There are a variety of commonly overlooked expenses that can cause you to overspend, including parent-bonding classes, additional babysitting services and extra doctor visits. Researching all the potential expenses that come along with caring for a child is crucial for setting a realistic budget.
“You don’t want to be caught off-guard and stressed about any potential costs that you didn’t plan for,” Kline says.
Estimate Medical Costs
The cost of giving birth often shocks new parents, with fees ranging from $5,017 to $10,413, depending on location, according to data collected by Fair Health, an independent nonprofit that manages the nation’s largest database of privately billed health insurance claims. These bills become even costlier for a cesarean surgery or if any complications arise during delivery. Other medical bills to account for include prenatal doctor visits, ultrasounds, lab work and other tests. After the baby arrives, there is also postnatal care, pediatrician visits for illnesses, possible medication and other potential procedures to consider.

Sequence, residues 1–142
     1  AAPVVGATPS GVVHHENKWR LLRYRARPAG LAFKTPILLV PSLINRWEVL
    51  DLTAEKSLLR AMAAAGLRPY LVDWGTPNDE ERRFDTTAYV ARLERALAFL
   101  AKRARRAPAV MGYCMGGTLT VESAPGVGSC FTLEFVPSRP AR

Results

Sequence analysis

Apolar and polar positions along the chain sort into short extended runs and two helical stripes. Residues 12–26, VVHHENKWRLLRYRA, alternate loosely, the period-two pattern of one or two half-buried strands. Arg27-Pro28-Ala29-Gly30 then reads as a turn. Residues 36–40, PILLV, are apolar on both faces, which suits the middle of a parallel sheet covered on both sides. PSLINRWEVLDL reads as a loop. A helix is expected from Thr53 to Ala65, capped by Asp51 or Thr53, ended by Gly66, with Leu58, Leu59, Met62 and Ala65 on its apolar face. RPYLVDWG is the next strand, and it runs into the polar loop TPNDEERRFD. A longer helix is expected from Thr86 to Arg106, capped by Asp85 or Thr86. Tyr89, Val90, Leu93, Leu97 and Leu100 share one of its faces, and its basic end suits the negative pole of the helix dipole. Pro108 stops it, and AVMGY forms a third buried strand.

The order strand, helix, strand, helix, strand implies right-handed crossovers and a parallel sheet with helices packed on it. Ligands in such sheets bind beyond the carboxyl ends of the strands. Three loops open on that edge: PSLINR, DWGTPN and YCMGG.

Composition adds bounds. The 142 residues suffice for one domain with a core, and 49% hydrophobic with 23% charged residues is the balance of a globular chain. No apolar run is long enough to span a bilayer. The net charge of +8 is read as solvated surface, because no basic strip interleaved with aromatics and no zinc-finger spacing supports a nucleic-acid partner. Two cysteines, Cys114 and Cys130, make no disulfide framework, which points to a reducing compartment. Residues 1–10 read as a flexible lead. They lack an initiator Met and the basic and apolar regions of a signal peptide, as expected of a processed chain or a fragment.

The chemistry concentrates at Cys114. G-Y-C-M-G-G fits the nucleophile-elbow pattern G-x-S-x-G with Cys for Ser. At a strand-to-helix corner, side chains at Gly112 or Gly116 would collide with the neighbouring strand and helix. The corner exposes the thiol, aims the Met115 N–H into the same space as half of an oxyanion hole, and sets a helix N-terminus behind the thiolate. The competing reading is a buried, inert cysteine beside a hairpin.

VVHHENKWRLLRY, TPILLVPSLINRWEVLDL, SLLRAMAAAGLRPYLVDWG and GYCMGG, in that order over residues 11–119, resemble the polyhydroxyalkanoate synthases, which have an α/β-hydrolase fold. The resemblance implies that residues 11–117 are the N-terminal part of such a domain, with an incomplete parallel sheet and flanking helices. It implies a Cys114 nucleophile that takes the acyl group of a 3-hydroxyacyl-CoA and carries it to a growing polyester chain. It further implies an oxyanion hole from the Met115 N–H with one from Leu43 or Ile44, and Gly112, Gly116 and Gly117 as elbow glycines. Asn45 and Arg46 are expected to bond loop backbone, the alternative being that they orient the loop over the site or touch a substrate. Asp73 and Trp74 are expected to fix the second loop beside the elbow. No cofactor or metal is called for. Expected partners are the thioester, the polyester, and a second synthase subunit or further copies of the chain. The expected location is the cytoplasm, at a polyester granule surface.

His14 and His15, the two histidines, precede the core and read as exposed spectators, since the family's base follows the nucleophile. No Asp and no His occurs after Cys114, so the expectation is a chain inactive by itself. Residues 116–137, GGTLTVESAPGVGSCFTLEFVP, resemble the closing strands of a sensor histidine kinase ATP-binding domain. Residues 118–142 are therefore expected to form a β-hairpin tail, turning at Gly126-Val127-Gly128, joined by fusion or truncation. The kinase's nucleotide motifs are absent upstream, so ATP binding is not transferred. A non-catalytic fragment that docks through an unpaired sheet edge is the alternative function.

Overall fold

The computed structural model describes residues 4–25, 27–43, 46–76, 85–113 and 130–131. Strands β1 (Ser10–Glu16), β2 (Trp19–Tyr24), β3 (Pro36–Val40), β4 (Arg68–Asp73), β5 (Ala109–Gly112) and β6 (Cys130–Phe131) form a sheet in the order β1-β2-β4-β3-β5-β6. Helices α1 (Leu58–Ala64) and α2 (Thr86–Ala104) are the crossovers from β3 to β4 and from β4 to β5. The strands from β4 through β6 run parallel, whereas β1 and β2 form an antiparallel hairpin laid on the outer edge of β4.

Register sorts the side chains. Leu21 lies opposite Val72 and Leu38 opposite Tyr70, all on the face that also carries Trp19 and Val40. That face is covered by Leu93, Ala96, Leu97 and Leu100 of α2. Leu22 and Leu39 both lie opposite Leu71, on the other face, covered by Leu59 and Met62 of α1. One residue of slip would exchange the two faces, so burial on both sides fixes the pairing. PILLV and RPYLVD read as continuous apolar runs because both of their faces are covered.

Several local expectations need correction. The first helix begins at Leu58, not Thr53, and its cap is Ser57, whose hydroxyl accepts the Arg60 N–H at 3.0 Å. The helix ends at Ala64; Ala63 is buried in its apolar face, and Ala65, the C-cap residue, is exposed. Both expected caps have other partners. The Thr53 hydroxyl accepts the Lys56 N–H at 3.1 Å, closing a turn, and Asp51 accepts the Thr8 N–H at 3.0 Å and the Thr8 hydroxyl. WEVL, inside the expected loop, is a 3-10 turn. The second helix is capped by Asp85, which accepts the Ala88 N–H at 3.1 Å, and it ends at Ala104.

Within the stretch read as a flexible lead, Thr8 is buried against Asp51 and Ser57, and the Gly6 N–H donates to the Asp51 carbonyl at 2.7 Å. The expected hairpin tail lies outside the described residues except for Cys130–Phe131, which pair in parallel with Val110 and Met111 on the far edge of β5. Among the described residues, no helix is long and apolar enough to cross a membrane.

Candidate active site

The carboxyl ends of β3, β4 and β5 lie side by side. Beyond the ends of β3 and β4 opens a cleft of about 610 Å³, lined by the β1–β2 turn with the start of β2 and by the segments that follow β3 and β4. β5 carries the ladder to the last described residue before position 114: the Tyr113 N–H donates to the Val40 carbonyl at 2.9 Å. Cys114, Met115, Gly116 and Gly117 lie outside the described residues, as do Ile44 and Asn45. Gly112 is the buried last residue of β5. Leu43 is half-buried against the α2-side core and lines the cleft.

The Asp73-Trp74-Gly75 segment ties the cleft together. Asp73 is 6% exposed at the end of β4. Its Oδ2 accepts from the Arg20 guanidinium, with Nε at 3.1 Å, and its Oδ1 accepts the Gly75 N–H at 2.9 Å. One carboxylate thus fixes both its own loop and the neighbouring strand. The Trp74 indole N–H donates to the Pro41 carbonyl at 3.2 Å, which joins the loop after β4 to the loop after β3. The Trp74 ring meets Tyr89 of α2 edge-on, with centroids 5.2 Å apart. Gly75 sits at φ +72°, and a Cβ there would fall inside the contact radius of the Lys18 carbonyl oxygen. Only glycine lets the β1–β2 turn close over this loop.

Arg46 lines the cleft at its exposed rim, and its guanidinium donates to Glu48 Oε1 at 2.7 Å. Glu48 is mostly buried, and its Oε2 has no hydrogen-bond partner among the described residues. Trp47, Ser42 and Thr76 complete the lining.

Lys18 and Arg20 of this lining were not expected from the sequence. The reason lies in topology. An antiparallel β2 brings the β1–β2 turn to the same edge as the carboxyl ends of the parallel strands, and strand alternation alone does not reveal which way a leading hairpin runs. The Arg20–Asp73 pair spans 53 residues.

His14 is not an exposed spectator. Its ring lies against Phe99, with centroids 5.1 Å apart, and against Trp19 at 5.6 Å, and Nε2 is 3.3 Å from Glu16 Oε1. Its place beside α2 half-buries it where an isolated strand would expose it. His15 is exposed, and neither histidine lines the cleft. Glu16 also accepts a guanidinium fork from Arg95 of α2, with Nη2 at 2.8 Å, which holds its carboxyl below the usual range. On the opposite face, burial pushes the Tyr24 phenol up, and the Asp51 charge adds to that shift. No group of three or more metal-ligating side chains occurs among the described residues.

Factor in Nursing and Feeding Expenses
Though most women get access to a breast pump through their health insurance plan at no cost, storage containers and bottles are still needed to feed your baby. You may want lactation support or supplements if you’re experiencing difficulty with milk production. In addition, there is a need for nursing garments and some families turn to formula to supplement their feedings, which will run as much as an average of $1,200 to $1,500 for the baby’s first year, according to the Office of the U.S. Surgeon General.
Account for Extra Child Care Costs